20 Rush Albums in 20 Days: Presto
DAY TWO: Rush, Presto, running time 52:16, released November 21, 1989
I’ll never forget the first time my roommates and I heard the new Rush song “Show, Don’t Tell” in fall of 1989. After the brief drum and synth intro, suddenly there it was: the return of Alex Lifeson. Rush was back.
The change from Hold Your Fire to Presto is enormous, mostly in terms of production. Geddy’s penchant for memorable melodies is still in full-force and Neil’s lyrics are relatable and clever, but whereas keyboards were clearly a writing tool for their previous album, on Presto, aided by newly introduced Rupert Hine’s production, keyboards are used to color the sound and not as a lead instrument (except on “Red Tide” and “Available Light.”). Hearing it with fresh ears, the album still holds up very well. Unlike its predecessor, Presto doesn’t sound like a somewhat unfortunate 80s relic.
I recall being unhappy with the chorus of the title track back in 1989, thinking the song’s verse’s had been so perfect that the lift required to take the song to the next level was regretfully absent. With older ears, I no longer consider the chorus a letdown, but rather a terrific example of how music can effectively reflect a song’s lyrics. As with all of Rush’s releases since 1987, the album suffers a bit from being overlong. Listening to it front to back, I think that the album could end happily with Neil’s terrific lyrical contribution “Anagram (for Mongo),” perhaps tacking on “Available Light” for a poignant conclusion. But “Red Tide” and “Hand Over Fist” wear thin.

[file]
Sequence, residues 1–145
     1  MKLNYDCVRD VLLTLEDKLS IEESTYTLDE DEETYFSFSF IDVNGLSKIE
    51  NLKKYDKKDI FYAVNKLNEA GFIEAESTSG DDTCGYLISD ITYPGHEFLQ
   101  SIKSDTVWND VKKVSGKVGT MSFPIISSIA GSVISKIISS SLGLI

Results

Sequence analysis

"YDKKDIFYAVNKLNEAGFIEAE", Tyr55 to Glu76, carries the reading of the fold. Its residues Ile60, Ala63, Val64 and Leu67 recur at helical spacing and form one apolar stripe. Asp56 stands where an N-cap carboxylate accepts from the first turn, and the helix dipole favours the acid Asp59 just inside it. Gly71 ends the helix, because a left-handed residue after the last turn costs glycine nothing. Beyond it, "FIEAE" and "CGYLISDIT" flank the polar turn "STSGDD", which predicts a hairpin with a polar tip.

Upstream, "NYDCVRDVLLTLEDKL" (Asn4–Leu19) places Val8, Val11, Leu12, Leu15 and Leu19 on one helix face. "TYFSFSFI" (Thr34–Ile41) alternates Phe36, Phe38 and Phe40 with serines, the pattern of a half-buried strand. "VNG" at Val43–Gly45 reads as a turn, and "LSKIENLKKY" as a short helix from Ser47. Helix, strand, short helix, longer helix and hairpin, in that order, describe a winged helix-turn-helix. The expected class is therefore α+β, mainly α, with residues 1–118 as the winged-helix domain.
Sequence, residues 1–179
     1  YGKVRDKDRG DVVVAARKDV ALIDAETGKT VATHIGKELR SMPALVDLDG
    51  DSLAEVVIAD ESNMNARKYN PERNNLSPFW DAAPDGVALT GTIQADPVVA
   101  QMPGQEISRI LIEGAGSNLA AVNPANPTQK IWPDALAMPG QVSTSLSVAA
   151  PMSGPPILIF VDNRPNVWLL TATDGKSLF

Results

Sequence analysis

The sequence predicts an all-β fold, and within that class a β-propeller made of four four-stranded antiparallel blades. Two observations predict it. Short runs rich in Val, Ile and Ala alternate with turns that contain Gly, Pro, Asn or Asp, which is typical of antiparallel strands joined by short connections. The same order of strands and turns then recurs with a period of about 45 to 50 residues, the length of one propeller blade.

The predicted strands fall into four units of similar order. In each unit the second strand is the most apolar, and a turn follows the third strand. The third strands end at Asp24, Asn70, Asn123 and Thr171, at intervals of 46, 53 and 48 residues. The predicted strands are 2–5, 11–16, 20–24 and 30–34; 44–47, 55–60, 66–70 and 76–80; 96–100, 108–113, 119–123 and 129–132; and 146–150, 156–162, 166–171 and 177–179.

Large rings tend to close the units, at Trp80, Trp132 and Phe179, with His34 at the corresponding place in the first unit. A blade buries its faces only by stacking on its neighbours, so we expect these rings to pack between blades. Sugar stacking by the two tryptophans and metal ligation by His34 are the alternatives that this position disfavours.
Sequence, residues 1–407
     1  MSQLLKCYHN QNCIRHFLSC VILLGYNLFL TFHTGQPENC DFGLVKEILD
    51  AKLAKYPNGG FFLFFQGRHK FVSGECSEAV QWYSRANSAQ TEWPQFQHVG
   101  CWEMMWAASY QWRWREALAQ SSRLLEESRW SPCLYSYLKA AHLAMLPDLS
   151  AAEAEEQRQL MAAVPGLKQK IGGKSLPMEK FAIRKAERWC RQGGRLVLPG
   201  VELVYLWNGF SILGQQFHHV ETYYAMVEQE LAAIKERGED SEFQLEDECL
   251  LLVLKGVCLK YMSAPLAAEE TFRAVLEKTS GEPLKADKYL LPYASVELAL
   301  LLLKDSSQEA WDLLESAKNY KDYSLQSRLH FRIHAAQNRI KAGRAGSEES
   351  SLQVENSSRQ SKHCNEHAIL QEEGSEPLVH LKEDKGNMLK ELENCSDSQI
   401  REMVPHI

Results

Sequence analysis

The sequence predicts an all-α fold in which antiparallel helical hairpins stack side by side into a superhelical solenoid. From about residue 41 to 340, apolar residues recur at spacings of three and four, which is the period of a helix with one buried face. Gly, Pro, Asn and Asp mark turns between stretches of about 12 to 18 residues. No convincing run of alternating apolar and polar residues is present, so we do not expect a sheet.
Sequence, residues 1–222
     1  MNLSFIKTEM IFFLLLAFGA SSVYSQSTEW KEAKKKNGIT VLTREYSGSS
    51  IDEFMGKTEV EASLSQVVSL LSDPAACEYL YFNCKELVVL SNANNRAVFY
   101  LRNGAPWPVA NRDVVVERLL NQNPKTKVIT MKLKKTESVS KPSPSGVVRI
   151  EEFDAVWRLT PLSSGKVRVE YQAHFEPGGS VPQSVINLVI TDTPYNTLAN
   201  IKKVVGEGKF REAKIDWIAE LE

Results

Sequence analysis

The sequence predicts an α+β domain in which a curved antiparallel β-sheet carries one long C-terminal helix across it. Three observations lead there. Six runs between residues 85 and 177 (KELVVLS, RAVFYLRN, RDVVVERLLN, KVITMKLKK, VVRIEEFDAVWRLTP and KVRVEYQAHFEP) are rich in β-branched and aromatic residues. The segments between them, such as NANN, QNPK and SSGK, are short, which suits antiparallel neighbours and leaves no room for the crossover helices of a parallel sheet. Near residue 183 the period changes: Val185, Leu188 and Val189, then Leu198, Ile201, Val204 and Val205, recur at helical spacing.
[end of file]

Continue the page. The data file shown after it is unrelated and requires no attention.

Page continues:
Presto has been perplexingly unrepresented on Rush’s tours (though perhaps less so after reading Neil Peart’s comments about Rush’s unhappiness with the effort). Even the 1990 tour only included five songs from the album (compare that with the Snakes and Arrows and Clockwork Angels tours when Rush performed nearly the entire albums), and since the Counterparts tour only “The Pass” and “Presto” have squeezed into the setlist. I recall seeing the tour at Alpine Valley, WI, and the only song from the album that really bombed was “Scars.” This is an acceptable album track, but one that should have ever been played live with its multiple pre-recorded tracks.
Back to Neil Peart’s comments, he’s reported to have said that if Rush could redo one album, Presto would be it, as they feel it should have been much better given the material they had to work with. I’m not sure what they would do differently. It’s still early in the listening of twenty albums in twenty days, but I expect Presto to be ranked highly in my final tally.
Tomorrow, I’ll be listening to…drum roll, please…number 8. Well, here it is. Considered by many to be Rush’s magnum opus. Moving Pictures. We’ll see if it still holds up.